http://parkonline.org/ec/crs/default.learn?CourseID=2437962&CPURL=parkonline.org&Survey=1&47=3023596&ClientNodeID=403003&coursenav=0&bhcp=1


B.  Quizzes: Due every week. Quizzes will be in multiple choice and true/false formats.

C.  Reading/lecture: Due very week. Materials for quizzes and the final exam will come from discussion, readings, and lecture.

D. Individual Projects:  Due each week for 7 weeks.  You will then use all of those projects to complete your final core assessment paper.  These written projects are designed to reinforce the core learning outcomes, and they will be graded based on writing style, comprehension and knowledge as well as evaluation.  All papers must be written in APA style and must be 2 to three pages in length.   Title pages and reference pages are required as well as citations.  At least one outside source will be needed per paper.

E.  Final Exam: Due at the end of the course. The exam will be a comprehensive, proctored exam. It will consist of multiple choice questions, short answer questions, and essay questions.

F.  Core Assessment:  Due at the end of the course.  This paper will be a compilation of the 7 individual projects with the corrections made in each one to form one comprehensive paper.  It must be written in the APA format.

Grading:
Grading Policy

Course Grading Criteria
The final course grade will be based on participation, quizzes, weekly core learning outcome projects, and the final exam, as follows:

Participation (8 x 10)

80 points

Core learning Outcomes projects (7 x 5 )

35 points

Weekly quizzes (8 x 10)

80 points

Final Exam

150 points

Core Assessment Paper

200 points

Total

545 points

 

Grading Scale:

90% and higher

490.5 points and higher

A

80-89%

436 - 490.4 points

B

70-79%

381.5 - 436.9 points

C

60-69%

327 - 381.4 points

D

59% and lower

326.9 pionts and lower

F

Submission of Late Work: Late assignments are accepted only for medical, family, legal or other emergencies, and require instructor’s permission in advance

Proctored final examination - A computerized examination will be taken in a proctored testing environment during the 8th week at one of the Park University sites around the country or at an alternative location. For proctored examinations, photo identification is required at the time of the test. Guidelines for selecting an acceptable proctorcan be found on the Park University Website.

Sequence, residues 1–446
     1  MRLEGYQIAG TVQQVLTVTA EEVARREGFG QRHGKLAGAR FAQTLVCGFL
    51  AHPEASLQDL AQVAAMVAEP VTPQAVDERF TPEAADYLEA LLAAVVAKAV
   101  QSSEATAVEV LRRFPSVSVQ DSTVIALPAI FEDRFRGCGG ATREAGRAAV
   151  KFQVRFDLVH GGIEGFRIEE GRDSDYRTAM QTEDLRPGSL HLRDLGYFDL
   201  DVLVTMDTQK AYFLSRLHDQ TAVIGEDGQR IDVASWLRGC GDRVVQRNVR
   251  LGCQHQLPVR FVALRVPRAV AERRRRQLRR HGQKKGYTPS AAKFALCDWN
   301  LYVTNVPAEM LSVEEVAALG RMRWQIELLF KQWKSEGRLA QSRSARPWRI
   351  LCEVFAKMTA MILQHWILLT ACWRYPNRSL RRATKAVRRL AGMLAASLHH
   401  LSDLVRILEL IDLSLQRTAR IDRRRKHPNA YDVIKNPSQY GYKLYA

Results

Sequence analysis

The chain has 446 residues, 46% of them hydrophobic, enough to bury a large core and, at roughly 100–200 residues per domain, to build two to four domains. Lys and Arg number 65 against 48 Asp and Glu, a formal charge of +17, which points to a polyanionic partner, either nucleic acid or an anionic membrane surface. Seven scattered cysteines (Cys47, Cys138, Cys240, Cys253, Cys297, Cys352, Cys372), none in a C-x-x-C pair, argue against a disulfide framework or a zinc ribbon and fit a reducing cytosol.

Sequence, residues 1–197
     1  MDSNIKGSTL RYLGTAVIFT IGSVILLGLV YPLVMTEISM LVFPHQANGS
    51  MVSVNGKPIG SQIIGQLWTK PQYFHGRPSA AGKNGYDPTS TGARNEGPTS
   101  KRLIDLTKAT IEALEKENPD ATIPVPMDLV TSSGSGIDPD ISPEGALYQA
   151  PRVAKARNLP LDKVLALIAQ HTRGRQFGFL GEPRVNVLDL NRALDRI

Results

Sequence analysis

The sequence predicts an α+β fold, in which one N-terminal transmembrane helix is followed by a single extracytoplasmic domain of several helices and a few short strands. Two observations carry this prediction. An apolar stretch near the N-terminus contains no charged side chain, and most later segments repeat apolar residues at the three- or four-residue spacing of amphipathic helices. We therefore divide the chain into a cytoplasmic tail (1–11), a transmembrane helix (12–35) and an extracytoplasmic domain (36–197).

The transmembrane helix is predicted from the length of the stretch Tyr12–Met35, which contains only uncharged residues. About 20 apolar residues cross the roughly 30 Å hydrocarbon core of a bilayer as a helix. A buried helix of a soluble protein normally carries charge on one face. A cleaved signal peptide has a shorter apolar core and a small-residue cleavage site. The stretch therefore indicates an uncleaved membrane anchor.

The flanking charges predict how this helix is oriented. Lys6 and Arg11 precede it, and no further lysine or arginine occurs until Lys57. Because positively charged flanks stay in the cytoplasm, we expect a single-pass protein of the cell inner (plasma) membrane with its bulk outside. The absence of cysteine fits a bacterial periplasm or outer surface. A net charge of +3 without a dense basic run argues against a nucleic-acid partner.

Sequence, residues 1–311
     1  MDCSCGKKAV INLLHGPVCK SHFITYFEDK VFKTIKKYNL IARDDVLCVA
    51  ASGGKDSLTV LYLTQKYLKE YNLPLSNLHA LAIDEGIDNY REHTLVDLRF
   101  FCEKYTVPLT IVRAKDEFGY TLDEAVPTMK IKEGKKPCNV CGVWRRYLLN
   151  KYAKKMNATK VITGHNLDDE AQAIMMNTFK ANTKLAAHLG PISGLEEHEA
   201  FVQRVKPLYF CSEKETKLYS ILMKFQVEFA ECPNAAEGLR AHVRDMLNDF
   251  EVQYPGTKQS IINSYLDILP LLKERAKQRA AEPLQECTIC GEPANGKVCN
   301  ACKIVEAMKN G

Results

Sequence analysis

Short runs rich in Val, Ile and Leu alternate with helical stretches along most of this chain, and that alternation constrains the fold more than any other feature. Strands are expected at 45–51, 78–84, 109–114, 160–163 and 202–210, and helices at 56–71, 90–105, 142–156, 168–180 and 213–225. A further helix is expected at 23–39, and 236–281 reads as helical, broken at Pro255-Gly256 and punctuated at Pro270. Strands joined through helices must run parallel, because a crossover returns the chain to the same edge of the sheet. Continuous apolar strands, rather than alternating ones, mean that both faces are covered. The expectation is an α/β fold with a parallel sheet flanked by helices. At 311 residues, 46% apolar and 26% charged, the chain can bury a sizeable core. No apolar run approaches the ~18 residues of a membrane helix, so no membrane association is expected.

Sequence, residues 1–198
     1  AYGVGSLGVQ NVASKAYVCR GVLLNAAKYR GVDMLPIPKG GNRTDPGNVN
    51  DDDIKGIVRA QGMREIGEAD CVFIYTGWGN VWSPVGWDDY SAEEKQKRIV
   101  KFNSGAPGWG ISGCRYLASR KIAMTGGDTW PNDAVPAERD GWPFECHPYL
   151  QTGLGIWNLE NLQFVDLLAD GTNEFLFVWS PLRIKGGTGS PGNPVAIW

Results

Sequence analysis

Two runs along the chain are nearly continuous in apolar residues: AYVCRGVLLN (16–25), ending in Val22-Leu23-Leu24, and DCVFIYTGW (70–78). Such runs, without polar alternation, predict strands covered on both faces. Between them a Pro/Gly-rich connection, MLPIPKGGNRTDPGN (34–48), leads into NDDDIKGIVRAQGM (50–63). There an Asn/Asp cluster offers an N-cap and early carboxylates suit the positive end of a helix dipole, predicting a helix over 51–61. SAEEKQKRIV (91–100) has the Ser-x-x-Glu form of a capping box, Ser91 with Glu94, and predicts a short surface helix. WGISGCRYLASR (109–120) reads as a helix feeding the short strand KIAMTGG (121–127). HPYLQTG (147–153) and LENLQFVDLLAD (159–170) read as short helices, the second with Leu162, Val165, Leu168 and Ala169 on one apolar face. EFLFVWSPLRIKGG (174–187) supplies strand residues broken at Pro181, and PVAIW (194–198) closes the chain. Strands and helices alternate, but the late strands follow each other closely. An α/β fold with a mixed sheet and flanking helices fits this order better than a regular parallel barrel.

Other Information on proctored exams:

  • It will be the responsibility of the student to arrange for a proctor, by the 6th week of the term, who is accepted and approved by the course instructor.
  • Approval of proctors is the discretion of the online instructor.
  • A proctor request form will be made available to you during the first week of class so that you can send your requested proctor to your instructor for approval.
  • Failure to take a final proctored exam (or submit your final project for some online graduate courses) will result in an automatic "F" grade.

 
Scoring Criteria

These criteria are derived from Bloom’s Taxonomy.  You may wish to learn about the Taxonomy by perusing some of the Internet resources such as the following:

http://krummefamily.org/guides/bloom.html

In the cognitive domain, Bloom’s taxonomy involves progressive use of the operations of the mind not only to recognize and comprehend data and information but also to use them for application, analysis, synthesis, and evaluation.  To reflect the University’s educational mission, additional categories are added that include communication skills (writing skills, for this course) and disciplinary awareness.

 The core learning activities involve Bloom’s Taxonomy, and each activity will be scored according to the degree to which the required writing reflects the required educational objective.  For instance, if the activity calls for application, Exceeds expectation will receive 90 percent or above of the 60 points; meets expectation will receive 80-89 percent of the 60 points; below expectation will receive 70-79 percent of the 60 points; far below expectation will receive 60-69 percent of the 60 points; unacceptable will receive 0-59 percent of the 60 points.  The scoring rubric is given below:

 Scoring Rubric: (To be used with core learning activities, discussion, and essay exams)

 

Competency

Exceeds expectation (A = 90-100%)

Meets expectation (B = 80-89%)

Below expectation

(C = 70-79%)

Far below expectation

(D = 60-69%)

Unacceptable (F)

(F = Below 60%)

Knowledge

Demonstrates exceptional ability to recall, recognize,  define, list and describe data and information

Demonstrates adequate ability to ability to recall, recognize,  define, list and describe data and information